A Gun Will Only Protect You if You Are White
A pregnant Muslim African-American woman has been sentenced to two years in prison for brandishing a registered, unloaded gun at a woman who was attempting to hit her with her car.
She expects to give birth to her second child in prison, most likely in shackles.
Siwatu-Salama Ra is a Detroit community activist who has focused her efforts on combating big oil in her home state and has consistently championed environmental protection and regulation, going so far as to represent Detroit at the Paris Climate talks.
Ra has also developed educational and outreach programs to assist mothers and their children in learning about nutrition and the environment.
This upstanding member of the Detroit community was enjoying her evening on the porch of her home with her mother on a Sunday in July when she became engaged in a violent confrontation initiated by her neighbor, Chanel Harvey.
Harvey began attacking Ra and her mother verbally, and Ra consistently asked that Harvey leave.
Further enraged by Ra’s pleas, Harvey decided to drive her car into Ra’s parked vehicle, in which her 2-year old daughter was playing behind the steering wheel (the car was not on and the keys were not in the vehicle).
Ra rushed to retrieve her daughter from the vehicle that had just been hit, passed her to her mother, and resumed asking Harvey to leave, having become more forceful in her language as the situation escalated.
By this time, Ra’s mother had come down from the porch and was standing next to her daughter. Harvey then began driving towards Ra’s mother, threatening to hit the woman with her car.
In her panic to protect her mother and daughter, Ra ran to her car and retrieved a registered, licensed, unloaded weapon from her vehicle and pointed it at Harvey, demanding that she leave.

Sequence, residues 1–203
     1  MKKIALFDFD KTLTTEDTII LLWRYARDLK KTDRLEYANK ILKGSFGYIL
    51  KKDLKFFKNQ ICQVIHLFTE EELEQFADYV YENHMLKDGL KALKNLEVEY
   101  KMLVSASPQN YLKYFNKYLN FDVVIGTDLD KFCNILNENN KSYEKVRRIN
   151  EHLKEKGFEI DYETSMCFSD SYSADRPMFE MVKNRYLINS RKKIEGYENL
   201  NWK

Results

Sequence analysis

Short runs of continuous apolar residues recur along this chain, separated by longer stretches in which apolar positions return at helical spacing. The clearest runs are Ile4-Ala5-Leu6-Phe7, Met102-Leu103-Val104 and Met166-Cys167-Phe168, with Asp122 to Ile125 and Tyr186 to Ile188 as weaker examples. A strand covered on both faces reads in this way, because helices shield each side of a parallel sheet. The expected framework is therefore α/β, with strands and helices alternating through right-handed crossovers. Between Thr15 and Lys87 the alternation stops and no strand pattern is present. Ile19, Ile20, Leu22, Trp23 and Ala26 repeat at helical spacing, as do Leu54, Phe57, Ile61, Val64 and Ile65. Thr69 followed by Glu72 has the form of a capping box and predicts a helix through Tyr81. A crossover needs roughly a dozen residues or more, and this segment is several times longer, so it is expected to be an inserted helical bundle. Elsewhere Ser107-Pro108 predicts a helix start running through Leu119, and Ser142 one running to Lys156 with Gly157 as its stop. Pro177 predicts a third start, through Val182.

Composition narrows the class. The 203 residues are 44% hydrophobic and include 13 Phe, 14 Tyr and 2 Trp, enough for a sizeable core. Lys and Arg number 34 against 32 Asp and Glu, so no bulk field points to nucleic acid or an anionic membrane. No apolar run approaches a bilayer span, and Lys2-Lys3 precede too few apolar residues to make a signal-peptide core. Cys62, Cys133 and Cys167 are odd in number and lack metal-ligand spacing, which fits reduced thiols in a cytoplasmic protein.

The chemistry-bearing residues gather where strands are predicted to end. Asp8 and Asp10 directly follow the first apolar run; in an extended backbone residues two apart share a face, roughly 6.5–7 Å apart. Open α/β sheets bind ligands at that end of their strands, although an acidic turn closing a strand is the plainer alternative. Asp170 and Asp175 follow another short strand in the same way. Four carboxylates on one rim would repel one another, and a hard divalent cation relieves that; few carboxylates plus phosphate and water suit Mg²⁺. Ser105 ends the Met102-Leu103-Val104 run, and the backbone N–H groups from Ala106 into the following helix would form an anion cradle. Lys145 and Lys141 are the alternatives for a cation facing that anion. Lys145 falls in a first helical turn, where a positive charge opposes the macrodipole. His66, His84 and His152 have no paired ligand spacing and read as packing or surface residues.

Harvey snapped photos of Ra holding the gun on her cell phone, drove to the nearest police station, and filed a false report in which she described Ra as the aggressor and failed to mention the violence she had enacted with her vehicle against Ra and her family.
Detroit police department policy apparently prevents law enforcement officers from interviewing an “aggressor,” and since Harvey’s report was filed before Ra’s, Ra was never interviewed by police or given the opportunity to present her side of the story.
The only contact she received from police was to inform her that a SWAT team was outside her home waiting to arrest her.
Last month, Ra was given a mandatory two-year sentence after being convicted of fellonious assault, despite the stand-your-ground laws in place in the state of Michigan that would usually have otherwise protected someone in Ra’s position.
But again, because Harvey’s report was filed first, Ra was unable to claim the protection of the stand-your-ground laws as she had already been labeled as the “aggressor.”
During her time in prison thus far, the seven-months-pregnant Ra has been shackled on numerous occassions, including during doctor’s visits, and expects to be forced to give birth under the same circumstances.